Source: http://news.nationalgeographic.com/news ... w-species/

Avatar (c) April
~WolfQuest member since 1969~

User avatar
Skilled Hunter
Skilled Hunter
Posts: 6264
Joined: Mon Aug 11, 2008 4:13 pm
Gender: Female
Location: Canada

Re: "Pink Meanie" New Species of JellyFish

Post by SolitaryHowl » Tue Jan 25, 2011 4:24 pm

Wow. Thanks for the article.

Hehe - pink meanie. Sounds like it could be a cartoon.
Former WolfQuest Moderator. 2009 - 2011

Avatar is copyright Koa

Former User of the Month
Former User of the Month
Posts: 1155
Joined: Wed Nov 11, 2009 2:33 pm

Re: "Pink Meanie" New Species of JellyFish

Post by Grin » Wed Jan 26, 2011 9:10 am

Wow, yet another new jellyfish species, but its diet is pretty interesting. Its thickly packed tentacles are beautiful as well.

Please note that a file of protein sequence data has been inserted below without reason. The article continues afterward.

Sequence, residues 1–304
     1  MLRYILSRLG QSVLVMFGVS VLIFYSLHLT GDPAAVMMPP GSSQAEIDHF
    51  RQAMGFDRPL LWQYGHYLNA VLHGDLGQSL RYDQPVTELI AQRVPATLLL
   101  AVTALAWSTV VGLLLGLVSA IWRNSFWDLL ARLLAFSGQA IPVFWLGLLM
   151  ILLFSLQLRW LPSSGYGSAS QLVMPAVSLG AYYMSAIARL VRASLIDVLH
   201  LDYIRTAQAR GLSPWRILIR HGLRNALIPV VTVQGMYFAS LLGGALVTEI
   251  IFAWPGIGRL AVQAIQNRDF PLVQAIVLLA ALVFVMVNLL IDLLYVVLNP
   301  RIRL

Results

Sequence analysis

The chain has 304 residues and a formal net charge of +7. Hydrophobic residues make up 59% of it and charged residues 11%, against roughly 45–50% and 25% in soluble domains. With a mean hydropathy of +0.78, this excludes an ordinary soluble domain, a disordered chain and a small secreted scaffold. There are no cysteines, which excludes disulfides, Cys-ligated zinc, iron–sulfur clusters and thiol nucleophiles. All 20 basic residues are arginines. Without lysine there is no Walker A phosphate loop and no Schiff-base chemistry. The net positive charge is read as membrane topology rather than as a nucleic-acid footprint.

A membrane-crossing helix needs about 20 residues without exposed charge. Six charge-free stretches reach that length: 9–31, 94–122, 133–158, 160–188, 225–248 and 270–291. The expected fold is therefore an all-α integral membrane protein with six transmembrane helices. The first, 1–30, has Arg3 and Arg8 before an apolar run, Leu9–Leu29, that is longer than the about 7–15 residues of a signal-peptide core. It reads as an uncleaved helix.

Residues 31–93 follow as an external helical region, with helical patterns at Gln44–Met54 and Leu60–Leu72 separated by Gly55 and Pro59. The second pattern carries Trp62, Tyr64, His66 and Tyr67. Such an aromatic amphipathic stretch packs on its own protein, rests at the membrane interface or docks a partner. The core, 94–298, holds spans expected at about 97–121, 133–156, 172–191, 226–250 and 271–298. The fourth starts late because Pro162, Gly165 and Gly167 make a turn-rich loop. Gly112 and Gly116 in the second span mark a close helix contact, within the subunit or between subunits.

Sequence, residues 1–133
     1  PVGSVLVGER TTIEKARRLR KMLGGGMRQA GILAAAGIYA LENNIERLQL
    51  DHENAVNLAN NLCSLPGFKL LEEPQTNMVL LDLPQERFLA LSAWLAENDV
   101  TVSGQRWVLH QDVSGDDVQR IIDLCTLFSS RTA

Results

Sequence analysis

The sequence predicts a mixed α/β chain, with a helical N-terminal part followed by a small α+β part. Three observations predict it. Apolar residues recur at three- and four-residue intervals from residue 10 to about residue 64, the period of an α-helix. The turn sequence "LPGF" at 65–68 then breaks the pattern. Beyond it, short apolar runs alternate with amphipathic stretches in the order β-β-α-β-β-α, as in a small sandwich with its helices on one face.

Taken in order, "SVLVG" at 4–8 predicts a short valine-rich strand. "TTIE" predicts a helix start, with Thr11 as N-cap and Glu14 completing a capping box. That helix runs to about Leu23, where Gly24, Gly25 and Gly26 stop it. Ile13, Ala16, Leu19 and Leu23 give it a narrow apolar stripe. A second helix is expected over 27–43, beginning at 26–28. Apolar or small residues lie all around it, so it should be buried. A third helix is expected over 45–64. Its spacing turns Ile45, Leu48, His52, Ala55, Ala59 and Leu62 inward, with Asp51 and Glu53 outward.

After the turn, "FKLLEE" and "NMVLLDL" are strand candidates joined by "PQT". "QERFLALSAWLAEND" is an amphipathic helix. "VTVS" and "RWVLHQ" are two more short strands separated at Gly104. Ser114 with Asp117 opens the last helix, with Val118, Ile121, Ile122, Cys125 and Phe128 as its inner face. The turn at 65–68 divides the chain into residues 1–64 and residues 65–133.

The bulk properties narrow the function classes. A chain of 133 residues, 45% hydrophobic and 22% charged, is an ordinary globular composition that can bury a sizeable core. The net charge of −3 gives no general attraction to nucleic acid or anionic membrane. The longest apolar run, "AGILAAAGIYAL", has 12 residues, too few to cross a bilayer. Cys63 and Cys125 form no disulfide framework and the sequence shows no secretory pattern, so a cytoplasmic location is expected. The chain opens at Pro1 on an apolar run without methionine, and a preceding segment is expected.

Its name sounds like one of the antagonist creatures from Pacman. ^^

Lately, it seems like there has been an advancement in genetic technology. For instance, a few members of certain species have been found to in fact not belong in that same species or genus at all. There are a few examples of this in the Wildlife section alone.

___┍ ɢ ʀ ɪ ɴ ┑___

▔▔┕ ʜ ᴏ ᴜ ɴ ᴅ ┙▔▔

User avatar
Senior Member
Senior Member
Posts: 2597
Joined: Thu Apr 24, 2008 9:23 pm
Gender: Female
Location: In the midst of a storm

Re: "Pink Meanie" New Species of JellyFish

Post by April » Wed Jan 26, 2011 1:04 pm

Yikes! They sound dangerous! But Pink Meanie lol it sounds like a little kid named it. XP
Avatar by me. Read my book Lessons Learned (A fiction book about African Wild Dogs) at: